React!  Museums Respond to Change
Sunday, October 7, 2018

2:00 -3:00 p.m.  Graduate Student Presentation, James & Meryl Hearst Center for the Arts, Cedar Falls.  Students and emerging professionals may attend this event FREE but must register.

Gallery touring:  James & Meryl Hearst Center for the Arts will be open for informal touring

3:15 – 4:15 p.m. Career Conversations @  James & Meryl Hearst Center for the Arts, Seerley Blvd., Cedar Falls.   The purpose of this event is to provide an opportunity for those interested in museum careers to connect with people in the field.  This event will open with a panel conversation with several museum professionals who will share details about their job and career path.  Question & answer will be followed with an opportunity to connect one-on-one with museum staff members from a variety of Iowa museums.

4:30 – 5:15 Emerging Professionals Meeting @  James & Meryl Hearst Center for the Arts, Seerley Blvd., Cedar Falls.  Chaired by graduate student Brittany Puhrmann (IMA Board advisor Nathan Buman).  An opportunity to meet, and exchange ideas and contact information prior to the evening reception.

5:30 p.m. – 7:30 p.m. Opening Night Reception - Sunday evening reception at Hartman Reserve Nature Center, 657 Reserve Dr., Cedar Falls
Pre-registration required.
Parking available - car pooling is encouraged due to limited space.

Hartman Reserve Nature Center is a 340-acre wooded oasis located between the cities of Cedar Falls and Waterloo. Hartman staff invite you to enjoy this state-recognized natural area and relax in the newly-renovated Interpretive Center. You'll first enjoy a delicious barbecue meal and locally-brewed beer, then have the opportunity to join the Nature Center Director for a short evening stroll through the woods. You will walk through a state preserve and see why this area is considered a living museum. As the nocturnal world comes to life you'll look for bats, owls, and even nighttime insects that are not usually found during the day. Hike is limited to the first 30 who sign up at the Nature Center. Wear comfortable walking shoes; lanterns provided! Hike leaves at 6:30 PM returns at 7:15 PM.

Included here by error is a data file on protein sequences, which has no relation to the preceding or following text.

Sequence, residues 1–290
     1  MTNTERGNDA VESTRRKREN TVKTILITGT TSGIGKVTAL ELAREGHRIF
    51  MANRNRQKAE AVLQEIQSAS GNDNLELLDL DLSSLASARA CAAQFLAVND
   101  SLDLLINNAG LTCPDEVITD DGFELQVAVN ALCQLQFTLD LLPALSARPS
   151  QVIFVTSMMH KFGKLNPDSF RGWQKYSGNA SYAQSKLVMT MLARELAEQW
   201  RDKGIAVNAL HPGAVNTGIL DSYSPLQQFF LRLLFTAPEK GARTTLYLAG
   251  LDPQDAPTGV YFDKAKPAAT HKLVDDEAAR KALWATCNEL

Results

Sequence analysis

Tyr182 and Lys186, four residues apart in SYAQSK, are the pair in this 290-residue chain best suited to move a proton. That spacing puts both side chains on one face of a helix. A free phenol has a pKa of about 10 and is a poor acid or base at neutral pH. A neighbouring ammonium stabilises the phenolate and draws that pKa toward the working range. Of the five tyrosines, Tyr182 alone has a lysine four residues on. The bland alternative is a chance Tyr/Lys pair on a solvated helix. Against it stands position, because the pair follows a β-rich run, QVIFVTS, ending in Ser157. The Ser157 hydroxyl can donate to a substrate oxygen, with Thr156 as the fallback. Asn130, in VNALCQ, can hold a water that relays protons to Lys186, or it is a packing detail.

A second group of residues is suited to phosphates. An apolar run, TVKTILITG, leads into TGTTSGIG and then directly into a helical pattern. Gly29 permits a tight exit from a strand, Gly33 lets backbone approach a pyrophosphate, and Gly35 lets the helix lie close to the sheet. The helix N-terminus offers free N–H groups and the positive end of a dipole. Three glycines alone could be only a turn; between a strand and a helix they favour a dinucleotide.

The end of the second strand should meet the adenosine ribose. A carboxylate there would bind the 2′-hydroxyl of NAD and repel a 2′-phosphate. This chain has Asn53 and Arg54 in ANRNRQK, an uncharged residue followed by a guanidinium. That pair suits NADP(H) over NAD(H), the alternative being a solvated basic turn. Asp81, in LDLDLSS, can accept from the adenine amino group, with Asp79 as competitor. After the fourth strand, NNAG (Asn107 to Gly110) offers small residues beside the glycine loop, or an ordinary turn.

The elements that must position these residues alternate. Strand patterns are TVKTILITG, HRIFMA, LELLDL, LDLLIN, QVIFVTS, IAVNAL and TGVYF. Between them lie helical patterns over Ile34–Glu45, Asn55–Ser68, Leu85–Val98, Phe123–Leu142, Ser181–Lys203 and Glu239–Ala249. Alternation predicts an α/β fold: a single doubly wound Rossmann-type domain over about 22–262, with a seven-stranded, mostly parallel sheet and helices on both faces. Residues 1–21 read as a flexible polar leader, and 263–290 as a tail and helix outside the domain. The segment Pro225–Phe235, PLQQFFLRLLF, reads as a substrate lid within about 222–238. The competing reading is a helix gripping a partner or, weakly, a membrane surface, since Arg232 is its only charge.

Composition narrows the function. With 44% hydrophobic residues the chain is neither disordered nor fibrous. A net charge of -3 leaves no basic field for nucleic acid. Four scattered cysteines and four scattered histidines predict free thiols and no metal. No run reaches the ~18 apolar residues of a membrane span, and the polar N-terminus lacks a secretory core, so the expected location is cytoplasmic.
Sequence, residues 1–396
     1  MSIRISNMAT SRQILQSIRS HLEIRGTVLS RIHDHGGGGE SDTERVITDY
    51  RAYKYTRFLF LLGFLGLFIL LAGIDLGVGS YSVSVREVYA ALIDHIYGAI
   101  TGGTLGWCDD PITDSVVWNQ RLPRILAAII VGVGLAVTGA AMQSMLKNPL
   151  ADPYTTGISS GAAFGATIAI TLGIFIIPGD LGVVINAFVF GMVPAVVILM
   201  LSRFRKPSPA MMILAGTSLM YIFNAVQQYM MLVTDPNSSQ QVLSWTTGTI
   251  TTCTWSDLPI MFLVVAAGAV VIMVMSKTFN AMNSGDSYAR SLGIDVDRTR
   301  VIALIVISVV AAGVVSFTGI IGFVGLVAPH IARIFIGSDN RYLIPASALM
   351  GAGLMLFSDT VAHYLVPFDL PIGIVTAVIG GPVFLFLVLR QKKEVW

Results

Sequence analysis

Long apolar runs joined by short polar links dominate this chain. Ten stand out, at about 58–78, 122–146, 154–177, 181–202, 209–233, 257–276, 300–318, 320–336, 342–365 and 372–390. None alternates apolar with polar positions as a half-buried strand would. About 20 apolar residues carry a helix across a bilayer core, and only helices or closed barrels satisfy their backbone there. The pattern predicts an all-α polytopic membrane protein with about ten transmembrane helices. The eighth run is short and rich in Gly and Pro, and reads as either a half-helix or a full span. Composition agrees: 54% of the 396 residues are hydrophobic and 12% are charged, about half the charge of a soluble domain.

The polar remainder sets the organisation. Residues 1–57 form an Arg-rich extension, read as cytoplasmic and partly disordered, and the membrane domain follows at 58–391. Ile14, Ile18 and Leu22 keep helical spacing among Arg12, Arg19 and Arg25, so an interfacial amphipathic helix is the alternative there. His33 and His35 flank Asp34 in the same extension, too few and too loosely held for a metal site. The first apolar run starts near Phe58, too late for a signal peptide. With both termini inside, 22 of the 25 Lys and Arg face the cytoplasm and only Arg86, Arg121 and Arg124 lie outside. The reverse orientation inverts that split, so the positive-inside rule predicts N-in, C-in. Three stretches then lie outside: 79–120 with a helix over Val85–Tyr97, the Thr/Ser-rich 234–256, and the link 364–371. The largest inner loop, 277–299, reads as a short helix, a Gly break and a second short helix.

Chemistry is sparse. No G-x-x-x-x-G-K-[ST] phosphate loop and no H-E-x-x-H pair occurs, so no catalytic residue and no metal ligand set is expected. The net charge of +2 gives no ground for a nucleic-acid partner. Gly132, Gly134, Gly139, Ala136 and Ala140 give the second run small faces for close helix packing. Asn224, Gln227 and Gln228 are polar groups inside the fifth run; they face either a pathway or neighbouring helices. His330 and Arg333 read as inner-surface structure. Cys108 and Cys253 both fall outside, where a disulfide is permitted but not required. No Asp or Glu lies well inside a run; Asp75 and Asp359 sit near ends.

Monday, October 8, 2018

8:15 a.m. Registration, Rod Library, University of Northern Iowa, Cedar Falls. Pick up your name tag, conference schedule, and goody bag. 

8:15 – 8:45 a.m. Join us for coffee and breakfast snacks.  Take time to visit with the exhibitors throughout the day.

8:50 a.m. Welcome to Cedar Falls and the IMA Conference.  Maucker Union, University of Northern Iowa, Cedar Falls.

9:00 -10:00 a.m. Featured Speaker #1 Maucker Union, University of Northern Iowa, Cedar Falls.
Pamela Schwartz, Chief Curator, Orange County History Center, Orlando, Florida.
Sponsored by the History Department, University of Northern Iowa

Rapid-Response Collecting in an Era of Mass Violence
On June 12, 2016, a home-grown terrorist entered Pulse Nightclub after last call on Latin Night. He murdered 49 beautiful individuals, injured 68, and caused severe mental trauma in hundreds more. It was the largest American attack on the LGBTQ community and, at the time, the country’s deadliest mass shooting by a lone gunman in modern history. As instances of mass violence seem increasingly more common, museums must understand and prepare for what role they might play should the unimaginable happen within their own community.

Pamela Schwartz, Chief Curator of the Orange County Regional History Center in Orlando, FL has 16 years of museum and consulting experience as a director, curator, and designer. In the wake of the Pulse Nightclub massacre she was the architect of the rapid-response One Orlando Collection Initiative and has become a national authority on collecting after community tragedy. This project has won the museum the prestigious History-in-Progress award from AASLH, as well as their Leadership in History award, a Southeastern Museum Conference Excellence in Exhibitions Award, amongst others.

10:15 – 11:15 a.m. Choice of four breakout sessions

11:30 – 12:15 p.m.   Choice of four sessions - round tables, speed networking, and poster sessions.   

12:30-1:30 p.m.   Buffet luncheon and IMA Annual Meeting, Maucker Union, University of Northern Iowa, Cedar Falls.

1:45 – 2:45 p.m.  Featured Speaker #2 Maucker Union, University of Northern Iowa, Cedar Falls.
Debra Kerr, Intuit: The Center for Intuitive and Outsider Art, Chicago.
Sponsored by the Art Department, University of Northern Iowa

Museums respond to social change through art